Learning from the South

A review of Pascal Bianchini, Ndongo Samba Sylla, and Leo Zeilig, eds., Revolutionary Movements in Africa: An Untold Story (London: Pluto Press, 2024).

I am always excited when there are new releases on the history of revolutionary movements in Africa. Two reasons: 1. I’m of a generation when national liberation struggles in Africa with a socialist bend still were a thing among radicals. 2. Extensive travels on the continent between 1997 and 2004.

Revolutionary Movements in Africa is an anthology edited by Pascal Bianchini, Ndongo Samba Sylla, and Leo Zeilig. It is based on a conference held in Dakar in late 2019, and carries a subtitle it could have probably done without. “An Untold Story” sounds a little too tabloid for the quality of the contents. Then again, titles are never easy to choose. The publication has been supported by the Council for the Development of Social Science Research in Africa (CODESRIA).

Anthologies, in particular anthologies based on conferences, always suffer from the same problem: there is a common denominator, but what’s been collected under its name can be rather random. To the editors’ credit, they name the most obvious gaps in this selection: there is no article on the plethora of revolutionary movements in Ethiopia, the revolutionary movements of the former Portuguese colonies are missing, and North Africa is entirely absent as well. Yet, the fifteen contributions gathered in the volume are still of great value. It’s a rich history to choose from.

True to the book’s subtitle, the editors stress in their Introduction that “the history of revolutionary left movements in Africa is largely ignored and disregarded” in academia, even in Africa itself. They also write that “most of the existing literature consists of memoirs from former activists,” which made me wonder whether that was a bad thing (I don’t think so). While the editors acknowledge relevant titles that have been released over the last decade or so, including an excellent anthology on Thomas Sankara I reviewed some years ago, I would have loved to see a reference to a body of literature that is indeed largely ignored: the pamphlet series edited by the Liberation Support Movement in the early 1970s (which is worth checking out for the cover art alone, as Josh MacPhee from JustSeeds has discovered).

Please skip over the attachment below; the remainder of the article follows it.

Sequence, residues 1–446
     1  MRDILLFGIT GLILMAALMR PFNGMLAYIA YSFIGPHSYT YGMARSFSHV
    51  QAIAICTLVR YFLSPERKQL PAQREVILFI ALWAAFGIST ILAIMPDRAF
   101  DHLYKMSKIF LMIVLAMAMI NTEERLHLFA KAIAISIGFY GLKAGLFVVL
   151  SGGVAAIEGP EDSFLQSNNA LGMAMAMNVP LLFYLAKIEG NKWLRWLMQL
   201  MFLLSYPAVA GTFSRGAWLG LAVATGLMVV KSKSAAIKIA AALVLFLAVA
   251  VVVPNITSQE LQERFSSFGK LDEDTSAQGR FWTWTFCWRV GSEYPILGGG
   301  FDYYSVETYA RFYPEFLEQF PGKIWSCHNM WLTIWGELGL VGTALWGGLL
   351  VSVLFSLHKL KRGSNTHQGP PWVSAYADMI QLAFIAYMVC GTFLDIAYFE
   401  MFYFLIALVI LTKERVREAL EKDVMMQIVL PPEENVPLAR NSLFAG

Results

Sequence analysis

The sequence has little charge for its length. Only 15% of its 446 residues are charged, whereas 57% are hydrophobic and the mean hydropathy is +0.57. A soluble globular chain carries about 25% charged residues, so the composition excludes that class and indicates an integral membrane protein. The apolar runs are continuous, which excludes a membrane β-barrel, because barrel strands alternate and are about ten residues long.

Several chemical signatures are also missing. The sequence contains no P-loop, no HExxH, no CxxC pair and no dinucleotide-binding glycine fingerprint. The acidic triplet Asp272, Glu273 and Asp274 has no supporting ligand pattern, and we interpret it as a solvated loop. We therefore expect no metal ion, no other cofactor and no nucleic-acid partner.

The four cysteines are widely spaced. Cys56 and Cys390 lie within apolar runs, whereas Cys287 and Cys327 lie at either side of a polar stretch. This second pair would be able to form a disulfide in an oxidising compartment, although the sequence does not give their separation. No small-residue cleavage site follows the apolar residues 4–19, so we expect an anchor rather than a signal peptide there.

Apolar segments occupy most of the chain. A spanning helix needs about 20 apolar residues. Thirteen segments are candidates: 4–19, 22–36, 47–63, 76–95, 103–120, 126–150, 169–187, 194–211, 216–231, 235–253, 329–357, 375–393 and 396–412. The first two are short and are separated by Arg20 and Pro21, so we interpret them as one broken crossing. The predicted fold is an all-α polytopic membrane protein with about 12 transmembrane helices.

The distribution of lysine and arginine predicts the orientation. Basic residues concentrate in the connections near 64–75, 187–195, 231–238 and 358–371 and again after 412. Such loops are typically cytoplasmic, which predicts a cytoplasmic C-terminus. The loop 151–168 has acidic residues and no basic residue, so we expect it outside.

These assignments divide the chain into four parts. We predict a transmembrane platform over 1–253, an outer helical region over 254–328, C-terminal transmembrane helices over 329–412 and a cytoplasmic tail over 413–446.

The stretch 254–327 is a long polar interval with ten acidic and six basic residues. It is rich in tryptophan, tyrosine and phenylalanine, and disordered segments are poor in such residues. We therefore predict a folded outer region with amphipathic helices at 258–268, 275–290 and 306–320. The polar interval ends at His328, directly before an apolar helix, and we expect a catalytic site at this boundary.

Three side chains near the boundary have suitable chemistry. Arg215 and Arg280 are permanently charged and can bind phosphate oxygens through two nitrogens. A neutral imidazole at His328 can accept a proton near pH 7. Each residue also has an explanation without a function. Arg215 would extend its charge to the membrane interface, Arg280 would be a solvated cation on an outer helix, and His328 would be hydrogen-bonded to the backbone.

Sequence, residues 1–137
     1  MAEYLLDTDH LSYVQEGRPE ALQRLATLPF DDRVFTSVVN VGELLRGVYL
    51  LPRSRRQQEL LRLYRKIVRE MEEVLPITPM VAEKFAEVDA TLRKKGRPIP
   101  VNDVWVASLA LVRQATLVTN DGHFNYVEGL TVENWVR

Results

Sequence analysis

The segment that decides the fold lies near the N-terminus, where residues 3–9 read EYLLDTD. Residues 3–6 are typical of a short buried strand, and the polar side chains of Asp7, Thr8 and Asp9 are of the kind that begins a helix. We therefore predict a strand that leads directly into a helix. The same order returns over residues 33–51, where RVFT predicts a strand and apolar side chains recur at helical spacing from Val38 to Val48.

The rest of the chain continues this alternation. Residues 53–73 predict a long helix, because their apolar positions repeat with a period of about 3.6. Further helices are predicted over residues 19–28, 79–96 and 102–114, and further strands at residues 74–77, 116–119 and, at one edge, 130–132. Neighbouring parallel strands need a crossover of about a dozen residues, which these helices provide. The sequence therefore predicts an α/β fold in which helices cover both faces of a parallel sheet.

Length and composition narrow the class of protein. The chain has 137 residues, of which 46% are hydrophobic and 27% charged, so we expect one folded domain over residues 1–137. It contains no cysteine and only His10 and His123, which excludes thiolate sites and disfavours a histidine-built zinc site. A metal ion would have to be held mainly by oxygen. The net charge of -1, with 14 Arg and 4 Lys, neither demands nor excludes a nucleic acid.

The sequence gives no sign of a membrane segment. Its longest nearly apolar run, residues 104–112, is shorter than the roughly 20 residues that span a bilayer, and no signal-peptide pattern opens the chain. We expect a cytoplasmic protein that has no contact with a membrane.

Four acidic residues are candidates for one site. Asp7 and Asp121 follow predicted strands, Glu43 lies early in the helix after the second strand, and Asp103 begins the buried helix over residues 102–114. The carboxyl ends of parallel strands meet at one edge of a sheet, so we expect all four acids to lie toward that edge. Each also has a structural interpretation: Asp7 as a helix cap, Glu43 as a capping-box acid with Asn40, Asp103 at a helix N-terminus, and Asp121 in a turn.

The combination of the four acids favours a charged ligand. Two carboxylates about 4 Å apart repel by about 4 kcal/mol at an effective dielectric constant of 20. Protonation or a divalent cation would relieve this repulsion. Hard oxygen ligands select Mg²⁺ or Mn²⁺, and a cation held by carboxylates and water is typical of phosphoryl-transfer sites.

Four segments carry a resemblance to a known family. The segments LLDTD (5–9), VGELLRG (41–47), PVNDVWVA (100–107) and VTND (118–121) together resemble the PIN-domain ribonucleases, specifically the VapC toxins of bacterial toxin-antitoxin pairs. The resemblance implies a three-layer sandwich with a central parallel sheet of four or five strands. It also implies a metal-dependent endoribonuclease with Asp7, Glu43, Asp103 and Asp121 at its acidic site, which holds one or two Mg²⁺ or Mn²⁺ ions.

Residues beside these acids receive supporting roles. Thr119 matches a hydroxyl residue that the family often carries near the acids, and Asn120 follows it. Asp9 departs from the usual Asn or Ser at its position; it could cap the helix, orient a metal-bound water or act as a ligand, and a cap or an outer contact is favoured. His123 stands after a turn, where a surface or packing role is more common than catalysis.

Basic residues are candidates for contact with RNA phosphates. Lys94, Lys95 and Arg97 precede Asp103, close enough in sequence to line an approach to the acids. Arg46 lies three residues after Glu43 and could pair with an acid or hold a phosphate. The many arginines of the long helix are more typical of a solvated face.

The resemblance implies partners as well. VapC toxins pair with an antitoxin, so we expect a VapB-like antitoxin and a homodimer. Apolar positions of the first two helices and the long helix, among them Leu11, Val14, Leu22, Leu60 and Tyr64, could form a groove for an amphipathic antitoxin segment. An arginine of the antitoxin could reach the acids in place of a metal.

Back to the anthology at hand: It is always unfair to single out particular pieces in a collection that holds a high standard throughout, but it suffices to say that this merely depends on subjective preferences. I particularly enjoyed the pieces outlining Brazzaville and Dar es Saleem as hubs of socialist and anti-colonial thought in the 1960s and 70s. The final piece, a mini-biography of Dimitri Tsafendas, who killed South African prime minister Hendrik Verwoerd in 1966, was also a compelling read.

There’d be nice things to say about all of the other contributions as well, but it would go beyond the scope of reviews on this blog. In any case, even readers who are well versed in African revolutionary history will most likely come across new bits of information. Pro-Albanian militants in Upper Volta? Entryism in Nigeria? North Korean propaganda in Uganda? The original Black Bloc(k) in Sudan? Plenty of enticing stories…

If you have any interest in the subject matter, it’s near impossible to regret checking out this book. As far as the omissions go, the editors promise another volume – if they’ll get around to it. “We are exhausted by the task of publishing this volume,” they write. Fair enough. Let’s hope for a speedy recovery!

Gabriel Kuhn

(December 31, 2023)